For the Mems

Last month, I had some out of town guests, and we had brunch together. At the end of the meal, we asked the server if she would take our photo. She held up my phone to do that and then said, “Oh, it’s pretty backlit.”

“That’s okay,” we said, “It doesn’t have to be Insta good.” (That is, shareable on Instagram)

“Oh, this one’s for the mems!” she answered. We smiled at that phrase, and I’ve been using it ever since. Yes, this one’s for the mems — we’re capturing a snapshot of the memories we’re making right now, and with gratitude.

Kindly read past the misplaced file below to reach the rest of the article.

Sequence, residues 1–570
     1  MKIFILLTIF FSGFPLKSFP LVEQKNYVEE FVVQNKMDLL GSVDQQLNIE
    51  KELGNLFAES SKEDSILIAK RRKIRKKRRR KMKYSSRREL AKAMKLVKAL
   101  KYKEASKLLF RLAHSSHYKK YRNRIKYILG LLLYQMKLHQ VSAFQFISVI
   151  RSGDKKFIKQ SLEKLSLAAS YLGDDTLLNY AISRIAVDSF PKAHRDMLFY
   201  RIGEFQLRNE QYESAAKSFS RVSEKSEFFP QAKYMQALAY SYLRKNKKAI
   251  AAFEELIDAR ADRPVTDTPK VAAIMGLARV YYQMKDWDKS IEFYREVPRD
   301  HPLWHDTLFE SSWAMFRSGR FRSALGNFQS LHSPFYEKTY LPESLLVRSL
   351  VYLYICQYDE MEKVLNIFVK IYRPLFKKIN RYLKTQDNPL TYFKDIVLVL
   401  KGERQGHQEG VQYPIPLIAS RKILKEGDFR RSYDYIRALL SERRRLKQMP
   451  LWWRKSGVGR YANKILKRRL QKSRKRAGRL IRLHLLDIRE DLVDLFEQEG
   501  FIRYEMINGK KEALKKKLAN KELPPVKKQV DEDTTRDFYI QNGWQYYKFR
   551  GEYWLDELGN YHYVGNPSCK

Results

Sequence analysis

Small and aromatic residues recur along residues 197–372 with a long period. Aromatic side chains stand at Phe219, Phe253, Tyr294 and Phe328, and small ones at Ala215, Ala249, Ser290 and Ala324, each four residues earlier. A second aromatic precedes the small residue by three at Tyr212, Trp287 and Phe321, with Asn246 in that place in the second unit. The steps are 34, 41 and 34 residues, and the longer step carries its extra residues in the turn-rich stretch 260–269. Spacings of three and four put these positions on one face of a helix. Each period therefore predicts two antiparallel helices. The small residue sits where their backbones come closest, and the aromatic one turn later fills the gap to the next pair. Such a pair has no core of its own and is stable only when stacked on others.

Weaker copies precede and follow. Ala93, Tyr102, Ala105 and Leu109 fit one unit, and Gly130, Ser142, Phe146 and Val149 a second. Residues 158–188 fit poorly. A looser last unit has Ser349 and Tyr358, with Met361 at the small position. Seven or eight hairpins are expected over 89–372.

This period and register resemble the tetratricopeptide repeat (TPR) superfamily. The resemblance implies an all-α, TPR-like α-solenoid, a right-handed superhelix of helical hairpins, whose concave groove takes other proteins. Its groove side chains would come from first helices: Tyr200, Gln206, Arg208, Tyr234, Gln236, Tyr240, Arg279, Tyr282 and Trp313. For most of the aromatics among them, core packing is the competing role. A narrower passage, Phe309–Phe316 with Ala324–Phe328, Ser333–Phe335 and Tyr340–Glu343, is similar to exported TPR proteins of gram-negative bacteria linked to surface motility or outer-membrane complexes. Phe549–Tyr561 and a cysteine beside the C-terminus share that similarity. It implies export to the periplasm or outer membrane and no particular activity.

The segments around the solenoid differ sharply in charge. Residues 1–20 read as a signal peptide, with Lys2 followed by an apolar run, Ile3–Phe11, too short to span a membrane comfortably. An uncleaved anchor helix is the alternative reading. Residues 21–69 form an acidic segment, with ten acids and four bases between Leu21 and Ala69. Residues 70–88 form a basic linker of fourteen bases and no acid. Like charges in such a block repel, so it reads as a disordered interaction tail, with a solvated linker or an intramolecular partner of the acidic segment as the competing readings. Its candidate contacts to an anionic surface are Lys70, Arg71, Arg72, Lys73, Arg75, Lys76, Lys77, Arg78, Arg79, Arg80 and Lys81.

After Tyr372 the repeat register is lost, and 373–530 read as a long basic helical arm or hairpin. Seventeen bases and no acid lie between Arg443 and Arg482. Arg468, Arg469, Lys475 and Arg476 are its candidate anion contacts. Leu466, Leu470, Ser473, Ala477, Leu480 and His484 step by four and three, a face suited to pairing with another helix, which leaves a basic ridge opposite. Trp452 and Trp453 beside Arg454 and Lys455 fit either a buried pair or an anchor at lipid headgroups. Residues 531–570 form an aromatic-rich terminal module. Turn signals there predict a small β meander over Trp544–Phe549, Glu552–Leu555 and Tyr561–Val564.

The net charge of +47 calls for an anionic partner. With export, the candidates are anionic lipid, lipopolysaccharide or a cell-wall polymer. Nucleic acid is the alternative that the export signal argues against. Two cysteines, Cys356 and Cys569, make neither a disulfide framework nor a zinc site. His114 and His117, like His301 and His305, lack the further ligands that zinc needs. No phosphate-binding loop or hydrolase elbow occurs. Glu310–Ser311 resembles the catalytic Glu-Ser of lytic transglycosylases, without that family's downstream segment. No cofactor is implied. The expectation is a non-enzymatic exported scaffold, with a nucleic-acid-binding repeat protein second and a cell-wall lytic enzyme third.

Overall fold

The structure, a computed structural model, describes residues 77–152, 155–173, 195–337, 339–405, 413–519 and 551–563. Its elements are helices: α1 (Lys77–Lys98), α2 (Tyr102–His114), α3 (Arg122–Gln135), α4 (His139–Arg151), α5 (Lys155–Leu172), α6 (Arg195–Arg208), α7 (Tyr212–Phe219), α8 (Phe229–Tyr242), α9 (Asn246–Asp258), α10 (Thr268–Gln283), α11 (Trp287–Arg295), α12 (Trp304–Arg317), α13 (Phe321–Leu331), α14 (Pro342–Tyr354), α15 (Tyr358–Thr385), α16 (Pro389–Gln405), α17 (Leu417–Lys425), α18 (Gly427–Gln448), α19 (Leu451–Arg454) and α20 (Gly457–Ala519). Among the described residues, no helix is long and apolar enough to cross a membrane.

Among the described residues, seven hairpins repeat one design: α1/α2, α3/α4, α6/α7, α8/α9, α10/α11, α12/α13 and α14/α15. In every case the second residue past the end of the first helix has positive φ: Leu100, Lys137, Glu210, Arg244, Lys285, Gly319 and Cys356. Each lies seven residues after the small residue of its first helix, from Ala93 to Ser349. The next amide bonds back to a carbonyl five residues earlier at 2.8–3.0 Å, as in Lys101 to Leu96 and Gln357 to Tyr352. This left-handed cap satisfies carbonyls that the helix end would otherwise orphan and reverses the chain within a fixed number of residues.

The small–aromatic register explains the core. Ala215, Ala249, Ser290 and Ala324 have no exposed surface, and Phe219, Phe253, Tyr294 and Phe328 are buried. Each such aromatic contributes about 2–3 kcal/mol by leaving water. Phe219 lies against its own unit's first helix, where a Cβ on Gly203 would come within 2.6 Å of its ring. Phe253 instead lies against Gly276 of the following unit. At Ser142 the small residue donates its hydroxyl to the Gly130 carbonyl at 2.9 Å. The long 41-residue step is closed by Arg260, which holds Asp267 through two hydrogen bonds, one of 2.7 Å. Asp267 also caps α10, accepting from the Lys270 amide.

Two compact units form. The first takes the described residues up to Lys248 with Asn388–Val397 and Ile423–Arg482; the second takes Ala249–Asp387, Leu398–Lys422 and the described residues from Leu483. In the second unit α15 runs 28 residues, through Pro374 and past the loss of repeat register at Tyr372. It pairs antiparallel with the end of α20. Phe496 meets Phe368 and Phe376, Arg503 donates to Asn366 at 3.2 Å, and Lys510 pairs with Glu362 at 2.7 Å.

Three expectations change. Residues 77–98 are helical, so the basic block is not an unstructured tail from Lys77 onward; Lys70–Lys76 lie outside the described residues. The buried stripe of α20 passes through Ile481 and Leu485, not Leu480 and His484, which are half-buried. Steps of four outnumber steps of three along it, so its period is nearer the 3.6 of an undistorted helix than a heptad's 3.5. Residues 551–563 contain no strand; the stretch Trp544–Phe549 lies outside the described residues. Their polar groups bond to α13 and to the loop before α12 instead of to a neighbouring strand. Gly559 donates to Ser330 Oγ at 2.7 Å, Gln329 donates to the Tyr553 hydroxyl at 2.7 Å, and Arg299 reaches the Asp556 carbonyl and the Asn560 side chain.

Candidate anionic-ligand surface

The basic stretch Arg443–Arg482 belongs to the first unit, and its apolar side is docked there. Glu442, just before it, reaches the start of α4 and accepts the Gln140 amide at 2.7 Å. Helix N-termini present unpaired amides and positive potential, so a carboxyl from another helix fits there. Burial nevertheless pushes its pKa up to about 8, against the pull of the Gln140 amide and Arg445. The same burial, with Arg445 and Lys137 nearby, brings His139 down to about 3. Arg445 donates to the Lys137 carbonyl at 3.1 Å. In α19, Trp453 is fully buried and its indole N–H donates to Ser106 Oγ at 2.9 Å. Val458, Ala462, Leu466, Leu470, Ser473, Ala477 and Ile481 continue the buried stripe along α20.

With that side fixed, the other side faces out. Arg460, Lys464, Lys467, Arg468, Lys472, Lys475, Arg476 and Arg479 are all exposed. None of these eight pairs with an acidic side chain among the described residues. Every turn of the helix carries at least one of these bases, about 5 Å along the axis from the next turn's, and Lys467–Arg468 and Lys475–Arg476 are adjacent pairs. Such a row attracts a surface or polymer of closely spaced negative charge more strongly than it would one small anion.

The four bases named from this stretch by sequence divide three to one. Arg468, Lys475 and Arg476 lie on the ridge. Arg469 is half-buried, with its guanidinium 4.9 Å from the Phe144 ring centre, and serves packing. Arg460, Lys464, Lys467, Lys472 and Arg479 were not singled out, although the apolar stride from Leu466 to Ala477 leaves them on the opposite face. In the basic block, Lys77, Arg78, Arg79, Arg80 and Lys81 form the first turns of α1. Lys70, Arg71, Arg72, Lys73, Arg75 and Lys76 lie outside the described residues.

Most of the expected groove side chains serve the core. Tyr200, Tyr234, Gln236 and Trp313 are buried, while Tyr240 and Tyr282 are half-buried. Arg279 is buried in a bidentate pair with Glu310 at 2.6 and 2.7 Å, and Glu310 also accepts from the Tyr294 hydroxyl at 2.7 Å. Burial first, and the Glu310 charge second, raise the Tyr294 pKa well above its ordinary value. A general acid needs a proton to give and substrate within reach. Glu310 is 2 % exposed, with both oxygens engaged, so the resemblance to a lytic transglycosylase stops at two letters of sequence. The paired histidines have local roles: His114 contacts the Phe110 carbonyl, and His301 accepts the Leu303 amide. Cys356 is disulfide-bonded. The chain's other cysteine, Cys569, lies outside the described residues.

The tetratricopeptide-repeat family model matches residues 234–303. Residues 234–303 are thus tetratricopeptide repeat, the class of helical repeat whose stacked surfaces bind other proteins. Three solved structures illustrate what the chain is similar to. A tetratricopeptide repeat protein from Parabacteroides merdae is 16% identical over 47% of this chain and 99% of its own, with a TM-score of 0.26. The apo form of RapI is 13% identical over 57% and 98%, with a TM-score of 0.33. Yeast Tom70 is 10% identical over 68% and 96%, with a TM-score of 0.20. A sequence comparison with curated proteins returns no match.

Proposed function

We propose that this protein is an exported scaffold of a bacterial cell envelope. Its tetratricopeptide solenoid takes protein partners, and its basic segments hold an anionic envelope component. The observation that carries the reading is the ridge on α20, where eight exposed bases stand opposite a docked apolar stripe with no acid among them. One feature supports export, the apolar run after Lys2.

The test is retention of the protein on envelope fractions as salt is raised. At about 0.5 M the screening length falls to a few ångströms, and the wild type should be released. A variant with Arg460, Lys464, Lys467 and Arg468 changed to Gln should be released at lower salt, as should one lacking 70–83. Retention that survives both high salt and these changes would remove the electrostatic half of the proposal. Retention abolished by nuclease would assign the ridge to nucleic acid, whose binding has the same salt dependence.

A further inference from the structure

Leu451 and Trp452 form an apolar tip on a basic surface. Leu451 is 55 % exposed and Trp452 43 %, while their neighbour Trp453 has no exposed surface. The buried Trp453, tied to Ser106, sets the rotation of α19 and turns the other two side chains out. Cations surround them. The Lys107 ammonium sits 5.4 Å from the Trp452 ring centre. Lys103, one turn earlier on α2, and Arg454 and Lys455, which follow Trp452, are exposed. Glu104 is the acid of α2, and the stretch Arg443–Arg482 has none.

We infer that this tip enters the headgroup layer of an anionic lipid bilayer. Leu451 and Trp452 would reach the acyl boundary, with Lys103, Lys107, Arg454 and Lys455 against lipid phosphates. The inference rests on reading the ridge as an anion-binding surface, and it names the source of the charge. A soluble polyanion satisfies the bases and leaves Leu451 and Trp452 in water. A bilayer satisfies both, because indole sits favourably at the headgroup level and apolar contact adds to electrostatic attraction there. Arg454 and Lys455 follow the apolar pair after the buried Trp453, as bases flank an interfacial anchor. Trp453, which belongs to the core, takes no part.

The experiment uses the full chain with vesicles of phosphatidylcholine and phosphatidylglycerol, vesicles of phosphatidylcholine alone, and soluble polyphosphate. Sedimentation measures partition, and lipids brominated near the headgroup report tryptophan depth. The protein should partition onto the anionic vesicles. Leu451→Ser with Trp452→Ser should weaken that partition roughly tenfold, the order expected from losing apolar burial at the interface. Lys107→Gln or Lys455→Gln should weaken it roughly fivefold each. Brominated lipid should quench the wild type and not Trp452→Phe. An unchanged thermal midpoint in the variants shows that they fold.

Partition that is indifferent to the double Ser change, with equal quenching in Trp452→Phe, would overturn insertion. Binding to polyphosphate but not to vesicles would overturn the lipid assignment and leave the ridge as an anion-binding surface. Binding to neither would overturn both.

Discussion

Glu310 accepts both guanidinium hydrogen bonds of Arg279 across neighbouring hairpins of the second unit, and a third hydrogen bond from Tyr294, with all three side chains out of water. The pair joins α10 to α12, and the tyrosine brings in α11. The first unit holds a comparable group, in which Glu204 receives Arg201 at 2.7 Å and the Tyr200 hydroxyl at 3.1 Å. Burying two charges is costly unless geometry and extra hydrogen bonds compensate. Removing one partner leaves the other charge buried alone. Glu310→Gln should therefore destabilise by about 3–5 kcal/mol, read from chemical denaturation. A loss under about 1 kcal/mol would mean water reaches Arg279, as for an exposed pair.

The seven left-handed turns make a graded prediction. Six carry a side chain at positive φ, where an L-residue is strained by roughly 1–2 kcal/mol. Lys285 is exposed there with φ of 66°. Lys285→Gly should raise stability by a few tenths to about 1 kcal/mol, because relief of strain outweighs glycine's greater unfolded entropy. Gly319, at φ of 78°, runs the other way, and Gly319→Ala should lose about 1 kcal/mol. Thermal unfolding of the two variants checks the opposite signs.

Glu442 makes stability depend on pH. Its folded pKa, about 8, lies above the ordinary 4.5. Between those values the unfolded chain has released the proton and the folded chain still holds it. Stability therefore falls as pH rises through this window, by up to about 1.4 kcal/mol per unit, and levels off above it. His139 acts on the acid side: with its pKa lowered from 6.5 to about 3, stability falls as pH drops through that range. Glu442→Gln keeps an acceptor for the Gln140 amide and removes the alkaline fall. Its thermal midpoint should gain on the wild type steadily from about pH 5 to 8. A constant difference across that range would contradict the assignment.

Lately, I’ve been wondering, “Am I sharing an obnoxious amount of happy photos on social media?”

You know what I mean, right?

Social media gives off a certain air that every single thing is rosy and literally picture-perfect. Most people share the best moments of their lives — not the explosion of frustration upon spilling coffee on new shirts, not the moments of running late, not the frenetic work schedule, not the moments of yelling at our kids and regretting it, not the moments of loneliness or existential fear.

We don’t always share those. But we know those moments are there behind the scenes, right?

They are.

They’re in my life too.

But my goodness, pre-vaccination lockdown was so extremely isolating for such an expansive amount of time. All I want to do is see loved ones and make memories.I long for that. And some part of me needs to capture those moments, you know?

For the mems.

Renee Roederer

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